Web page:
There is fresh talk that the succession process may be back on the agenda in Turkmenistan.
In an unexpected development, President Gurbanguly Berdymukhamedov announced during a Cabinet meeting on January 7 that he was convening an extraordinary session of the Khalk Maslahaty (People’s Council), the senatorial upper chamber of the legislature, to be held in early February.
The main item for discussion is a 30-year national development plan. Such roadmaps are ten a penny in Turkmenistan, but its projected end date cannot but concentrate thoughts on life after Berdymukhamedov.
As it happens, one of the point-people charged with coordinating preparations for the session is Berdymukhamedov’s 40-year-old son, Serdar, the deputy prime minister with the portfolio for economic affairs and presumed heir to the throne. The other coordinators are token figures, Gulshat Mammedova, the chair of the lower house, the Mejlis, and Kasymguly Babayev, the deputy chair of the Khalk Maslahaty.
“We bear great responsibility for the fate of our state and the future of our descendants,” Berdymukhamedov said.
It is distinctly possible that the Turkmen elite was spooked by the chaos that gripped Kazakhstan last week. As details begin to emerge of events there, it appears clear that a hazy transition process in a nation ruled by crony kleptocrats – a description that could arguably be applied to Turkmenistan – is a recipe for trouble, so it is best to get ahead of things.
As is customary during such major world events, Turkmenistan barely paid any notice to events across the border. Berdymukhamedov on January 10 sent a note of condolence to his Kazakh counterpart for the fatalities incurred during the disturbances, but he signally omitted to dwell on any particulars and referred simply to “tragic events.”
The Foreign Ministry was a little more explicit. On January 6, the ministry noted that it was watching events in Kazakhstan with concern and expressed confidence that the authorities in Nur-Sultan would manage to handle all “the constitutional and legal issues that have arisen in conformity with international norms and laws.” That is a curious way to describe what was at that very moment, at least according to official chronicles, unfolding as violent clashes between government forces and armed mobs.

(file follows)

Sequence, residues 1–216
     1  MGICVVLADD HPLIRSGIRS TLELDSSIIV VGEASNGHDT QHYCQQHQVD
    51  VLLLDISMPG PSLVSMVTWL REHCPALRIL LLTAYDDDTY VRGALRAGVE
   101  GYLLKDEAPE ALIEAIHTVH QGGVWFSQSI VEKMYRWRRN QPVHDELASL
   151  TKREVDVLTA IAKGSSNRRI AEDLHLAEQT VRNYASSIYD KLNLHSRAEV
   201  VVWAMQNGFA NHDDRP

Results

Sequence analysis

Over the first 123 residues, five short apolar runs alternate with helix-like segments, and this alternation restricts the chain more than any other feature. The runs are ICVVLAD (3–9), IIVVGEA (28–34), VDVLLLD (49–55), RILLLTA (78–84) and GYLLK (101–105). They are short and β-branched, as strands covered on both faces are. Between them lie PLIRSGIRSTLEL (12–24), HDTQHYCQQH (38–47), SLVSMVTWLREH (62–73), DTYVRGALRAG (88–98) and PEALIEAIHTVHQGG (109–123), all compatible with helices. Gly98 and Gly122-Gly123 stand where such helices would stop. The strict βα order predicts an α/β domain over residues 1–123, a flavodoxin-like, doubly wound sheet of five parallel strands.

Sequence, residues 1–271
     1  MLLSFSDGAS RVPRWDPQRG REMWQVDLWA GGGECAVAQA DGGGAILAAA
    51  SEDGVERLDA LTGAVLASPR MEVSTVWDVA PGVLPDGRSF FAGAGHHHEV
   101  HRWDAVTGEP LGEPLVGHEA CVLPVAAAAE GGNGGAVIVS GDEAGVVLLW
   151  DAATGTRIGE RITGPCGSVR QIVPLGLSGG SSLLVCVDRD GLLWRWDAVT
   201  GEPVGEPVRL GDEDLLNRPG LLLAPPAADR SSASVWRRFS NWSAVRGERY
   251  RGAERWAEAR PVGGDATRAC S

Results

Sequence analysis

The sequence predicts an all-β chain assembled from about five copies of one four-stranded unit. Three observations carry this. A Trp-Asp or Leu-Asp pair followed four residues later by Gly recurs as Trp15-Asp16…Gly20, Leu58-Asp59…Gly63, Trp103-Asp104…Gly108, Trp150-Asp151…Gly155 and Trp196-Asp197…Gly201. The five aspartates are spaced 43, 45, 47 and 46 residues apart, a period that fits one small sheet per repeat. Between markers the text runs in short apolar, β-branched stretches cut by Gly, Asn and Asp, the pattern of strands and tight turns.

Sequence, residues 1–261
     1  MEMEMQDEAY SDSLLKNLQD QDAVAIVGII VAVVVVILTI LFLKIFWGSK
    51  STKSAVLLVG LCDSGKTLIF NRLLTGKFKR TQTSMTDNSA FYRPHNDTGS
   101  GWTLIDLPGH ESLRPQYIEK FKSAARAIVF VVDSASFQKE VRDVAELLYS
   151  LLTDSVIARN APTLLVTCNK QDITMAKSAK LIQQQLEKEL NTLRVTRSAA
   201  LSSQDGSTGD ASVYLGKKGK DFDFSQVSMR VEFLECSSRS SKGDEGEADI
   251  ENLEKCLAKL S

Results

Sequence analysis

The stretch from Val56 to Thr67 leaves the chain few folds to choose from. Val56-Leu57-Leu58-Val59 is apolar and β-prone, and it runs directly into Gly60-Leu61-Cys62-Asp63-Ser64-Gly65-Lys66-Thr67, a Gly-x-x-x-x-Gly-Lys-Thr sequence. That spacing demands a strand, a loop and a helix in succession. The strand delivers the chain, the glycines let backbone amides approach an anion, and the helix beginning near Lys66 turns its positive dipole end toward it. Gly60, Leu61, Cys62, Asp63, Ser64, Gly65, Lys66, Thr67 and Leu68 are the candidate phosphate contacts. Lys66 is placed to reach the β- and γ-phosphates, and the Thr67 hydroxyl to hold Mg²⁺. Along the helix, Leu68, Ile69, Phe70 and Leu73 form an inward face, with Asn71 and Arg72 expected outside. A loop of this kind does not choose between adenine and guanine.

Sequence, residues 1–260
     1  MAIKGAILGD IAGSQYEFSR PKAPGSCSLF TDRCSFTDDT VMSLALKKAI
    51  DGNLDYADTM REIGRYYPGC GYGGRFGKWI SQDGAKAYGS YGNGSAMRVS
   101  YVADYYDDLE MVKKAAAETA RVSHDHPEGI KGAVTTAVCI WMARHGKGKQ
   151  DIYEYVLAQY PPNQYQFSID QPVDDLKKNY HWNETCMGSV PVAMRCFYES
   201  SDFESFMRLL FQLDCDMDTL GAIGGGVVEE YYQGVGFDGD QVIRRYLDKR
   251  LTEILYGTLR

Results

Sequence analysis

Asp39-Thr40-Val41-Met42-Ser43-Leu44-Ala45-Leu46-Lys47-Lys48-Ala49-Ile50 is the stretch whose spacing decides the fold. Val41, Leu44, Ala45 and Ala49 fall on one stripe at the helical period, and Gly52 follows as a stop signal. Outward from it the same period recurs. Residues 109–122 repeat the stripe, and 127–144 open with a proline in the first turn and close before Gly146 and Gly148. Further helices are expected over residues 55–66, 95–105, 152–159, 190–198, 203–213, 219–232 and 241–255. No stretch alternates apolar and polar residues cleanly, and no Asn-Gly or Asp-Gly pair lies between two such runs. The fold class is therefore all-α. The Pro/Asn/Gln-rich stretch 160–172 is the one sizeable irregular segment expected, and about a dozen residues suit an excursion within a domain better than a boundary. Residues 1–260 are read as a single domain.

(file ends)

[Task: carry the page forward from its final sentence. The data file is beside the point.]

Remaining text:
There has been happier news to the south, in Iran, which Berdymukhamedov is reportedly set to visit in the near future. Serdar Berdymukhamedov was in Tehran on January 9, seemingly to lay the groundwork for his father’s arrival. One of his meetings was with President Ebrahim Raisi, a detail of protocol that indicates the esteem in which the likely leader-to-be is already held in the capitals of neighboring nations.
The Iranians are positively brimming with enthusiasm about the future.
Iran’s first deputy president Mohmmad Mokhber, for example, talked about how relations between their two countries should set the standard for other countries in the region. Iranian Road and Urban Development Minister Rostam Qasemi alluded to the 84 percent year-on-year increase in bilateral trade. The two countries reached an agreement during a joint economic commission on the transit of 400 rail wagons across the Sarakhs border crossing.
This is mostly bravado, though. Trade had ground to a near-halt over the COVID-19 pandemic, so what the sides are looking at now is merely restoring the status quo ante.
The breakthroughs on the energy front are real, however.